Translating Identities: ‘Being a missionary’ in Papua New Guinea

Research output: ThesisDoctoral Thesis (not awarded by UHI)

Abstract

The stereotype of the nineteenth century missionary is still a prevalent image of missionaries and, indeed there are some who believe that missionaries no longer exist in ‘a multicultural, post-Christian (even postmodern) world.’ (Swanson 1995: 6) Accordingly, many studies of missionary activity have taken a historical perspective, focusing primarily on the early period of missionary contact and on conversion, looking particularly at missionaries’ contribution to the colonial encounter. In fact, some have argued that in the final analysis Pacific Christianity must ‘be understood in terms of colonization.’ (Beckett 1978: 209; cf. Huber 1988) However, as this study will show, processes of missionization are not only confined to the colonial past, but are ongoing practices continuing today and are a significant part of post-colonial Melanesia.
Historian James Reed [1983] has observed that “the Protestant missionary movement began to wane in the 1920s and, despite periodic atavism and latter-day nostalgia, the decline continues to this day.” But William Hutchison [1987] terms this “a bit of conventional wisdom that was both accurate and wildly incorrect.” On the one hand, if defined as a significant movement of the Protestant establishment within the mainstream of American culture, Hutchinson points out that foreign missions had indeed diminished almost to extinction by the mid-twentieth century. But on the other hand, marginalized fundamentalists and independent evangelical “faith missions” had picked up (and even expanded) the foreign missions enterprise where the liberalized mainline denominations had left off.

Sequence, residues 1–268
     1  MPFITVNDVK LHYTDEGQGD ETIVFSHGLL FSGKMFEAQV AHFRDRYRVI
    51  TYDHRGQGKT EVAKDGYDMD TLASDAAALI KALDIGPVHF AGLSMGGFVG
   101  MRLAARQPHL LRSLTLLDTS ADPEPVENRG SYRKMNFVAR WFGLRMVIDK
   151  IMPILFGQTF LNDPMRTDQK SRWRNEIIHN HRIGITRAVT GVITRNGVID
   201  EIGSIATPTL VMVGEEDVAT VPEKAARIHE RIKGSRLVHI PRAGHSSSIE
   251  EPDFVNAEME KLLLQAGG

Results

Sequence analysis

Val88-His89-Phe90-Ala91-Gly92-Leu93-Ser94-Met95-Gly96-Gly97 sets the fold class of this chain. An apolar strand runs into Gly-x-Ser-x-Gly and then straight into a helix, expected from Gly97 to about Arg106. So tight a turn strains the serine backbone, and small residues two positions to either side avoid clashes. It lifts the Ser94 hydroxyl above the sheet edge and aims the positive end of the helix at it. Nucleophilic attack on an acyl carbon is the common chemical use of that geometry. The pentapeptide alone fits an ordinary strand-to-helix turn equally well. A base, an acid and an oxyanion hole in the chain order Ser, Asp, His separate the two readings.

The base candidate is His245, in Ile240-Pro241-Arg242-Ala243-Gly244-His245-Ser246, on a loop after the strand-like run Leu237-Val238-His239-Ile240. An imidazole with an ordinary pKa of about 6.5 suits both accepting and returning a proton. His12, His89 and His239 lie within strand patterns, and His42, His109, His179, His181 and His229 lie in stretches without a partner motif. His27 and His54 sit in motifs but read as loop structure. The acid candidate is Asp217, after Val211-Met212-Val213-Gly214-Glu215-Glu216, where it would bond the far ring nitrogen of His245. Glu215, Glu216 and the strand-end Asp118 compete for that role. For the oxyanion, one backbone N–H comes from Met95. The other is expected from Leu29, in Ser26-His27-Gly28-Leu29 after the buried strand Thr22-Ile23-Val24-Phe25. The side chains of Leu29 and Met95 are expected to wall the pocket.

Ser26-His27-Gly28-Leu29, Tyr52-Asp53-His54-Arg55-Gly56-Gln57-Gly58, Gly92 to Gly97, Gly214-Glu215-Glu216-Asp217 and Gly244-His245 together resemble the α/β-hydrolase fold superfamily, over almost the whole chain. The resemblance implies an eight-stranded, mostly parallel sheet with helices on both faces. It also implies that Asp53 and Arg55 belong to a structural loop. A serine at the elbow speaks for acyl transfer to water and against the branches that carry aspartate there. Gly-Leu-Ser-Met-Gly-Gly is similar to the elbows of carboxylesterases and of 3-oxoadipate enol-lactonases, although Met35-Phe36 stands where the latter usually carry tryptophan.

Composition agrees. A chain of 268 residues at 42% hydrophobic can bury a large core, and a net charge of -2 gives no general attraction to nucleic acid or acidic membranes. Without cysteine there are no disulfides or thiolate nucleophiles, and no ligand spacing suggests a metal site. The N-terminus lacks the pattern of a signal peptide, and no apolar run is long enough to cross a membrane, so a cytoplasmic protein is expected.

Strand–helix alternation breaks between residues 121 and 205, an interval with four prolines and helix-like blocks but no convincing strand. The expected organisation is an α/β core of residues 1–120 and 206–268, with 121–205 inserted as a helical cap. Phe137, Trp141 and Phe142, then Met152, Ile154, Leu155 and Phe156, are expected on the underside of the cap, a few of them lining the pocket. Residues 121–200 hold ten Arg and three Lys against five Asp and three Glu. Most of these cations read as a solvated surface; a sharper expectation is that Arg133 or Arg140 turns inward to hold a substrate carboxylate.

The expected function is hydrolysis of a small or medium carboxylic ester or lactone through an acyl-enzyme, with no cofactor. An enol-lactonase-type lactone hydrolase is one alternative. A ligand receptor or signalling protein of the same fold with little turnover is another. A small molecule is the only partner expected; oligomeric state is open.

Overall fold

(Swanson 1995: 6)
In this study, I attempt to challenge some of the stereotypes of missionaries by looking at a contemporary mission setting in Papua New Guinea. Missionary activity is often viewed as monolithic and unified, however, like other colonial projects it ‘is not a unitary project but a fractured one, riddled with contradictions and exhausted as much by its own internal debates as by the resistance of the colonized.’ (Thomas 1994: 51) As Langmore shows in Missionary Lives: Papua, 1874-1914, there is variety and diversity both between different missions and among the individuals that comprise those missions.
Original languageEnglish
QualificationPhD
Awarding Institution
  • University of St Andrews
Supervisors/Advisors
  • Harris, Mark, Supervisor
Award date30 Nov 2006
Publication statusUnpublished - 2006

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